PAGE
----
Although Geoff Crammond’s name is mostly associated with a series of splendid driving simulations, one of his titles stands apart. Alone. On a hilltop. Watching. Its name: The Sentinel. A unique experience, even for an era where that term could be liberally applied, and one which divided players on its release--a sure sign of something a bit different.
Explaining the game's mechanics in limited space is a tricky business. Sentinel veterans are already familiar with them, and for any interested novices I'd highly recommend learning through play. However, here's my fumbling summary: The Sentinel is an Eye of Sauron simulator. As a would-be "Frodo," you must plot your way around multiple semi-3d, chess-board landscapes, avoiding the deadly gaze of the lofty Eye/Sentinel. Movement is achieved through a series of short-to-medium hops, which require energy to activate. This life-source is topped up by absorbing pieces of the landscape (trees, avatar-husks and, your ultimate goal on each level, the Sentinel itself).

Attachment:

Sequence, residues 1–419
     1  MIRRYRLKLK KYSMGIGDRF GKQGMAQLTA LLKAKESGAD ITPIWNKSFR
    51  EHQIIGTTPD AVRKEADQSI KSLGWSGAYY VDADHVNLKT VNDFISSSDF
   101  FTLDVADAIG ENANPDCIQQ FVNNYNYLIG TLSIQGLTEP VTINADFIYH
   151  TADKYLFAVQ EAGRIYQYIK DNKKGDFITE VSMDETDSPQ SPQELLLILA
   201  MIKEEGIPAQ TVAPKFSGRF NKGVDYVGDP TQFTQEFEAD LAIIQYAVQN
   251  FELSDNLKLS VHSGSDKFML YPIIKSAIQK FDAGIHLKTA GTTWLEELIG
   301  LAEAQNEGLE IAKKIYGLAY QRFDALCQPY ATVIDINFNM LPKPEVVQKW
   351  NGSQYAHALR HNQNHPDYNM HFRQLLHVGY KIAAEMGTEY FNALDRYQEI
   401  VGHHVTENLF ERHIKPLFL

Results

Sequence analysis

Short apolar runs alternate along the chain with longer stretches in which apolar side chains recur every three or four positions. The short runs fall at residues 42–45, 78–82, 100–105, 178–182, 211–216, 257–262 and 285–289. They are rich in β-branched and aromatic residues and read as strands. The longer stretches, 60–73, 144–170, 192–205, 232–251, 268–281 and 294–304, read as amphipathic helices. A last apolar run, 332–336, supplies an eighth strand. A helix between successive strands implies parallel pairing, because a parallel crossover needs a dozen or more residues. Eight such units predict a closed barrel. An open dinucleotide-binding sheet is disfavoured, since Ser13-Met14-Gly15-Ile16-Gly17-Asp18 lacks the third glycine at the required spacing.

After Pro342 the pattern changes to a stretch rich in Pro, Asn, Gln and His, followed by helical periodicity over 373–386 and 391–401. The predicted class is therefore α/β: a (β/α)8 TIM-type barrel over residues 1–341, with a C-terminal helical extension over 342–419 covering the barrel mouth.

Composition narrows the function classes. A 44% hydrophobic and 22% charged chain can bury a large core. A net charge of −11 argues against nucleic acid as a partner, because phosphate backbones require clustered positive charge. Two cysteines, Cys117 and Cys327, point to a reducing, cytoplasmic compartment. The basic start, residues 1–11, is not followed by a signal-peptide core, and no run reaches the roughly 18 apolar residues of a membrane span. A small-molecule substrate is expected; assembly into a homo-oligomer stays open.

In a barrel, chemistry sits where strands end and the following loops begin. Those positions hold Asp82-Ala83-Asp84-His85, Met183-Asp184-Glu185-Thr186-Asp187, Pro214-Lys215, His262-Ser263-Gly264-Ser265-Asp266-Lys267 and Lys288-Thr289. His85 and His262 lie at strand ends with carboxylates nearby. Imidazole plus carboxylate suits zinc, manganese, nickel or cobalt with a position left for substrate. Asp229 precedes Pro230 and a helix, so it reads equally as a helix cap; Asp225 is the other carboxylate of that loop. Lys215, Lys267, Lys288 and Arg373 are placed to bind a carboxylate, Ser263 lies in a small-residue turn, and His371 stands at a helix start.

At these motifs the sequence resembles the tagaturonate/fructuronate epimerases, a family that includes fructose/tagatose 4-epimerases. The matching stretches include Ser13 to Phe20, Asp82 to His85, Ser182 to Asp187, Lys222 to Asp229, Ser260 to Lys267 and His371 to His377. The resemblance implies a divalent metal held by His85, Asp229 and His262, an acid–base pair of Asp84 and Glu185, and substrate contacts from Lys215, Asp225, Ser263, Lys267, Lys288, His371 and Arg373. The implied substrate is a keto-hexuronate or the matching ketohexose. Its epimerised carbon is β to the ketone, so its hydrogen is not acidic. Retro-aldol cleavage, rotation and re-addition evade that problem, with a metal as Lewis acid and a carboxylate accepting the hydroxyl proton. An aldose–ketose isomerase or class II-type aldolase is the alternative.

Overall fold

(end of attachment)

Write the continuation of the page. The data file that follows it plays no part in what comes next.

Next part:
Clear on that? No, thought not. Enlightenment in this title is properly gained through a kind of experimental osmosis. Eventually, it clicks. Then, suddenly, you're hooked; brow furrowed as you tensely plan a way to dodge the rotating guardian and his energy-draining gaze. Your manoeuvres are completely unrestricted, bowing only to the internal rules of the game. Glorious freedom awaits.